We're 2.5 hours north of Sydney in the 
Myall Lakes National Park Between the towns 
of Seal Rocks, Hawks Nest & Bulahdelah.

Thousands of hectares of unspoilt National Park provide the perfect environment for some of Australia's most diverse and abundant wildlife to flourish. Visitors to the area may see everything from sea eagles, pelicans and egrets to wallabies, kangaroos, bandicoots, goannas and even the occasional koala. The area also hosts one of Australia's largest and most interesting coastal lake systems as well as protected waterways, wetlands and more than 40 kilometres of spectacular unbroken beaches.

 

Of the region's many lakes, Myall Lake, Wallis Lake, and Smiths Lake are the largest and cover more than 10,000 hectares. The lake system was created after the last Ice Age less than 6,000 years ago when sea levels rose and flooded much of the low-lying coastal land. The surrounding Melaleuca trees (commonly known as "tea trees" and famous for their oil) give the lakes their "tea" colouration, and may be up to 300 years old. 

Myall Lakes National Park, of 44,000 hectares, which borders the Bombah Point Eco Cottages property on three sides, includes the largest and oldest sand dune system in New South Wales. The hind dunes were formed more than 100,000 years ago after an earlier Ice Age and now huge trees grow in their mineral-rich sand. This sand was extensively mined up until the 1970's when public protest stopped it and Myall Lakes National Park was created. There are numerous Aboriginal sites hidden in the dunes and visitors can find themselves wandering through expansive areas of stone tools, bones and shell deposits that were hidden for thousands of years and only recently revealed by shifting sands. These sites are heralded as some of the most significant and extensive sites in coastal NSW and are protected. 

A short drive north is Seal Rocks, an old fishing village, where whales and dolphins can be found frolicking in the surf and visitors marvel at the spectacularly beautiful lighthouse - built in 1875 and officially known as Sugarloaf Point Lighthouse - which overlooks an unspoilt beach and the group of offshore rocky outcrops which give the area its name. 

Port Stephens, the picturesque bay that provides water views for Tea Gardens, Hawks Nest and Nelson Bay, is also quite well known for its marine visitors, particularly the seasonal whales. It also has the largest permanent population of dolphins on the east coast, more than 200, offering visitors a 99% chance of seeing them on a Dolphin Watch ferry trip.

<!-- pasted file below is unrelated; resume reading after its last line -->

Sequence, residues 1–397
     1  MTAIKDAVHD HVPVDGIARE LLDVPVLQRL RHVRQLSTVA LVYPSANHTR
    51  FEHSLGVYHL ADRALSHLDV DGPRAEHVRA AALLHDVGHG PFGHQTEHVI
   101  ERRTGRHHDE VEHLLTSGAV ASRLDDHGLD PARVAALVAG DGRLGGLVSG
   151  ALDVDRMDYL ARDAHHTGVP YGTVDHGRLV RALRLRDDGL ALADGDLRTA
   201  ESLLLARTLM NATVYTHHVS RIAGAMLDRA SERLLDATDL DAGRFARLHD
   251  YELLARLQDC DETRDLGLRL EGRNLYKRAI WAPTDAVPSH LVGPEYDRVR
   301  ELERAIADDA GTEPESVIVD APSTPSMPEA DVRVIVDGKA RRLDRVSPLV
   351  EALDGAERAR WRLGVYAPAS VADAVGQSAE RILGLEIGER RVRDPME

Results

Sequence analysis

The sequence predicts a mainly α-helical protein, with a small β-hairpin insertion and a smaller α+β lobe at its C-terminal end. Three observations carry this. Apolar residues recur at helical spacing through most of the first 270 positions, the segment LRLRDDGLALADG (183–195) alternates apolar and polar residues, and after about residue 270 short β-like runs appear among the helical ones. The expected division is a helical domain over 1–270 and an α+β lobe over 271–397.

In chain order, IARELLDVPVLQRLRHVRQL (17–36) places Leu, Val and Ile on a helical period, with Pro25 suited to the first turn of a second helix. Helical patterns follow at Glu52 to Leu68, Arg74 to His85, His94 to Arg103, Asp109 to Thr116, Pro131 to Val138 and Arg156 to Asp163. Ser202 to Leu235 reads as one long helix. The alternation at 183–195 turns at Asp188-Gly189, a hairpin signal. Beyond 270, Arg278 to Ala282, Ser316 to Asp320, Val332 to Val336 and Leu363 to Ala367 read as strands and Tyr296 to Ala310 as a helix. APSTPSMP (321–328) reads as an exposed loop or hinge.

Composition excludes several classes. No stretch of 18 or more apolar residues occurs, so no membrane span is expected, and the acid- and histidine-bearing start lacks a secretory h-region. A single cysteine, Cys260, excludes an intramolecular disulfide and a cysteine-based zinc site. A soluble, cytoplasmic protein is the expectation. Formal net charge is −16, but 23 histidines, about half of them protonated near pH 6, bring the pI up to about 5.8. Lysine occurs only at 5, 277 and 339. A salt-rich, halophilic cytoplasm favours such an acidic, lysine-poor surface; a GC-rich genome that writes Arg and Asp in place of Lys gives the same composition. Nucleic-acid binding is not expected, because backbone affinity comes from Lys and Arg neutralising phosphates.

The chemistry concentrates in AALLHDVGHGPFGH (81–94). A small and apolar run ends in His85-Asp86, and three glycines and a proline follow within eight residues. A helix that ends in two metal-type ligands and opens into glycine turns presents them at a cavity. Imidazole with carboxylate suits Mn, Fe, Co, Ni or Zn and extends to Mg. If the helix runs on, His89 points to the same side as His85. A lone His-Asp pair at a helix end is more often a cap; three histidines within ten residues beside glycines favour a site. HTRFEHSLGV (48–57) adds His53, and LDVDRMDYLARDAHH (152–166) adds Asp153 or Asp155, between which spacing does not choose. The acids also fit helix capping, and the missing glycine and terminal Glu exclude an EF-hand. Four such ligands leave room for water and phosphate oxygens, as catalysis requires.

The region also includes Booti Booti National Park, Wallingat National Park and Tomaree National Park as well as several State Forests suitable for 4WD touring.

Directions Heading North from Newcastle/Sydney

- Take the Bulahdelah exit from the National Highway to Myall Lakes National Park
- Turn right after the bridge onto Crawford st then veer left along Anne St
- Continue along Bombah Point rd for 10 minutes (9.4kms) along a sealed & dirt road. 
- The entrance to Bombah Point Eco cottages is signmaked on left, proceed to reception

Directions Heading South (Brisbane/Byron Bay/Coffs Harbour, Taree)

- Take the Bulahdelah exit from the National Highway north of Bulahdelah
- Cross over the highway and exit the roundabout left towards Bulahdelah
- Continue on the old highway past the petrol stations
- Turn left at Crawford st before the bridge then veer left into Ann street
- Continue for 10 minutes along a mix of dirt & sealed road
- The entrance to Bombah Point Eco cottages is signmaked on left, proceed to reception

Distances from Bombah Point Eco Cottages

* Sydney (from the start of the F3 Fwy): 2.5 hours Google Maps directions
* Newcastle: 95 km 
* Newcastle Airport: 50 min drive Check flights
* Bulahdelah: 9.4 km
* Nelson Bay: 110 km 
* Hunter Valley (Cessnock): 115 km 
* Forster (via Lakes Way): 70 km 
* Barrington Tops National Park: 2 hour drive 
* Hawks Nest: 32 km 
* Tea Gardens: 34 km 
* Seal Rocks: 40 km
* 30 minute bush walk to the Myall Lakes shores

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